In another case, Cohen suspended a mother’s time sharing rights based on findings that “the Wife has gone to the beach during the pandemic and has not practiced social distancing, and that she “has gone on dates during the pandemic.” Joseph said she learned that Cohen later put a gag order on that case.

In late March, the National File did a follow-up on Cohen, finding even more mothers losing custody due to specious COVID-related decisions issued by him. “In the trial the mask issue was brought up. The only thing his attorney asked me was did you take your child out without a mask in October or November of last year? I said there was no mask mandate at the time. Our county mandate in Palm Beach County had religious and medical exemptions in it,” one mom told the National File, “The judge made the decision on my younger son and the mask thing was an issue in the judgment and the vaccination issue was an issue in the judgment.”

Joseph said many domestic violence victims contacted her to say they were treated as badly by Cohen as she was.

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Dr. Epstein, meanwhile, told TAC it has been more than a month since she has seen her daughter, thanks to Justice Matthew Cooper of the New York Supreme Court.

When she dropped her daughter off at school in early March, she was not wearing a mask on the sidewalk. A school employee demanded she put one on and Epstein refused, leading to an argument. The school employee reported the matter to the school who reported it to both parents; Epstein said her ex-husband then filed an emergency motion suspending her custody time.

Justice Cooper granted him the motion while further ordering Epstein to wear a mask in her own home as a condition of reinstating supervised visits. She has not seen her daughter since Cooper’s order in March.

Colleen Ní Chairmhaic recently took over as Epstein’s attorney and stated in a Facebook message that after watching the surveillance, “It did appear to me that the school nurse confronted Dr Epstein for not wearing a mask on a public sidewalk. The school who are mandated reporters did not call child protective services and the school counselor opined that the minor child is a delightful girl who is thriving.”

Sebastian Doggart, a documentary filmmaker and executive director of the Family Civil Liberties Union, said he’s working on a documentary about Cooper tentatively entitled Unfit to Sit. “A menace to society,” Doggart said of the judge. “He is truly a public menace.” Of his own dealings with Cooper, Doggart said that he was making another film when he was forced to testify, and Cooper refused to acknowledge his 5th Amendment assertion.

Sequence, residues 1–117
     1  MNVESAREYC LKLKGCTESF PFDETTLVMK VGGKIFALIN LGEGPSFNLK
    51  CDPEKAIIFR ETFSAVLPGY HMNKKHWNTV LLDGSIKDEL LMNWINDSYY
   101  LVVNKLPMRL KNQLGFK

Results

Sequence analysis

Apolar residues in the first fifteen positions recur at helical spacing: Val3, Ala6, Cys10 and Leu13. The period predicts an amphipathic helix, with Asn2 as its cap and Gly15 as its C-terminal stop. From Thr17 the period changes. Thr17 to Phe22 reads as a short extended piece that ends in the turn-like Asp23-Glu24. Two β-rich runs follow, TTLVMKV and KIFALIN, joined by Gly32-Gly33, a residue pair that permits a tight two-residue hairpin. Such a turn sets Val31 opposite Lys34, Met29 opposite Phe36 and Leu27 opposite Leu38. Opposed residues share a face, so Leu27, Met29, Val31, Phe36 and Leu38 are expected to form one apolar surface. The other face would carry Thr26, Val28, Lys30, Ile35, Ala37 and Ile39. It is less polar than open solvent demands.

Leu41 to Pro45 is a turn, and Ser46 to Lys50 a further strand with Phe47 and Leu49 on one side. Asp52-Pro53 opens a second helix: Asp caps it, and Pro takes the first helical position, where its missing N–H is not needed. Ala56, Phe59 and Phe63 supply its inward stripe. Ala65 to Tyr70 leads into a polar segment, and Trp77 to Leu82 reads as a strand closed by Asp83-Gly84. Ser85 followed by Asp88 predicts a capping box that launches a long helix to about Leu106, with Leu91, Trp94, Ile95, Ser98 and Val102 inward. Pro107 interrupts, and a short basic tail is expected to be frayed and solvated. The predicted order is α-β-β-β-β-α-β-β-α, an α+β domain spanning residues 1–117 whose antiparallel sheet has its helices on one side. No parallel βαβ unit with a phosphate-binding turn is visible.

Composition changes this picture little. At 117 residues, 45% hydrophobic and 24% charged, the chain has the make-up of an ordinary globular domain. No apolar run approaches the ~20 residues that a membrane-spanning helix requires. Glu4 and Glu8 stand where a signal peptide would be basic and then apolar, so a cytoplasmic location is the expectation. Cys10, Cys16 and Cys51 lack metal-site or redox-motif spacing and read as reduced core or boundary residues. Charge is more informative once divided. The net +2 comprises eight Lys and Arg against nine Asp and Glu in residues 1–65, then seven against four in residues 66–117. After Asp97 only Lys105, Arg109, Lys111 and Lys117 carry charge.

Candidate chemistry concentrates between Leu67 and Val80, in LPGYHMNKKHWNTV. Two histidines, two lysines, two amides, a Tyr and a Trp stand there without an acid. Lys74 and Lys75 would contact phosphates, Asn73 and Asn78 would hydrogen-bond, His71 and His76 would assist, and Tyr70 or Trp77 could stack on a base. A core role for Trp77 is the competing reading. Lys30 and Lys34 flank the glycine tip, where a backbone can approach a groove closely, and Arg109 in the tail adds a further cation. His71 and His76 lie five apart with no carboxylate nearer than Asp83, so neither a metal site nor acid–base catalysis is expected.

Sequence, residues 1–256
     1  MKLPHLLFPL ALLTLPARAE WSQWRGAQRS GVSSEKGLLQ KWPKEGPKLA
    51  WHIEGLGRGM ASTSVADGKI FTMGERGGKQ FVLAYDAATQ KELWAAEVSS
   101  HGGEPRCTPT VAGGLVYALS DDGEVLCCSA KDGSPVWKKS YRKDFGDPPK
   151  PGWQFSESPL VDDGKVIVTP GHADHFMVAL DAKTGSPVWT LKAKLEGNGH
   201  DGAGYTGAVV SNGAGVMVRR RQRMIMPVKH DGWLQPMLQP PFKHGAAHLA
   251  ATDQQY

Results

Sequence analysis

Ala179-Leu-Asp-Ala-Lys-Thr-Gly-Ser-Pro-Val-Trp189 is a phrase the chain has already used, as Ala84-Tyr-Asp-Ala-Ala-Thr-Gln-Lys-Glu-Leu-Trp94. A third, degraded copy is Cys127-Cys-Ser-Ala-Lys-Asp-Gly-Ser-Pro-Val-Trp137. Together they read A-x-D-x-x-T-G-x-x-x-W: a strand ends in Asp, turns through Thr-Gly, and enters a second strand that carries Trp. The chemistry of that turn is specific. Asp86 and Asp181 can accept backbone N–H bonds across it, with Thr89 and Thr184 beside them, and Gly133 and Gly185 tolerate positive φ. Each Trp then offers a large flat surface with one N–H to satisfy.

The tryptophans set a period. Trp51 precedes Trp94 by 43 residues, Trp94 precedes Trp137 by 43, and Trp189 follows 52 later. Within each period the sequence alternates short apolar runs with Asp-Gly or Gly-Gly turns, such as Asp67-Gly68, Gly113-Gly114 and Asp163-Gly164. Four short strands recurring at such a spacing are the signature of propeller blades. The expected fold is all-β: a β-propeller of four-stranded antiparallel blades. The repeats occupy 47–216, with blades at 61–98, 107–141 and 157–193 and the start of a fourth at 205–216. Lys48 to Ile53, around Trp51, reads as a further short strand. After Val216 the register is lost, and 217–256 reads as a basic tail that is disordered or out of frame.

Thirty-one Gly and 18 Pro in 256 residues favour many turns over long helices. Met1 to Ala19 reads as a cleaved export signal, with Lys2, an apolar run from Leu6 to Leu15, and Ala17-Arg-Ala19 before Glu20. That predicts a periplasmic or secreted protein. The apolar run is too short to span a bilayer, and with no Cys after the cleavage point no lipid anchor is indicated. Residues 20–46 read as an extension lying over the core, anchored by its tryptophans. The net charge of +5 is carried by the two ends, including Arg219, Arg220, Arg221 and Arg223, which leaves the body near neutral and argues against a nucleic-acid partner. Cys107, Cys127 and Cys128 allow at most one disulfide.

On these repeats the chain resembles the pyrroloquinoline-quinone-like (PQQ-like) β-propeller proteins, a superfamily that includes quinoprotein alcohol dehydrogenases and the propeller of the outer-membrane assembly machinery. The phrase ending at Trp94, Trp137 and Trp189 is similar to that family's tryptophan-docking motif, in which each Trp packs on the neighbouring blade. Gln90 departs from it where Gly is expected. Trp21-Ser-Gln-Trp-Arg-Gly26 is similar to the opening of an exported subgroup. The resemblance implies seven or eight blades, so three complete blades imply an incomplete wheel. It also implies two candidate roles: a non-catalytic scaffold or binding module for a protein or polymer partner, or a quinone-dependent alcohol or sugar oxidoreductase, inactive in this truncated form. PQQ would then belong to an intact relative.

Cooper has also been the subject of several judicial complaints that allege improper behavior. One motion to recuse Cooper from a case alleges that his court “is not conducted in a civil tone, with Cooper often yelling at the plaintiff and never speaking in a civil tone to the plaintiff.” Another complaint from the same litigant makes similar claims:

On December 6, 2017, there was a hearing for a cross motion modification of support in front of Judge Cooper. At that hearing and apparently on the record I asked Judge Cooper why he had not informed the Court about his close family relationship with Hunter College where the other party works. . . . This however is not my principal concern. My concern was the way Judge Cooper dealt with the complaint. Rather than simply state, “this was not a concern,” he exploded in a personal tirade against me. He screamed and threatened me, this all in front of a crowded courtroom.

An email to Karen Lundell, who represents Epstein’s ex-husband, was left unreturned. The public information department for New York State Courts and Meredith Bush, who handles media for Cohen’s judicial circuit, also did not respond to emails for comment.

Michael Volpe has worked as a freelance journalist since 2009, after spending more than a decade in finance. He’s based in Chicago.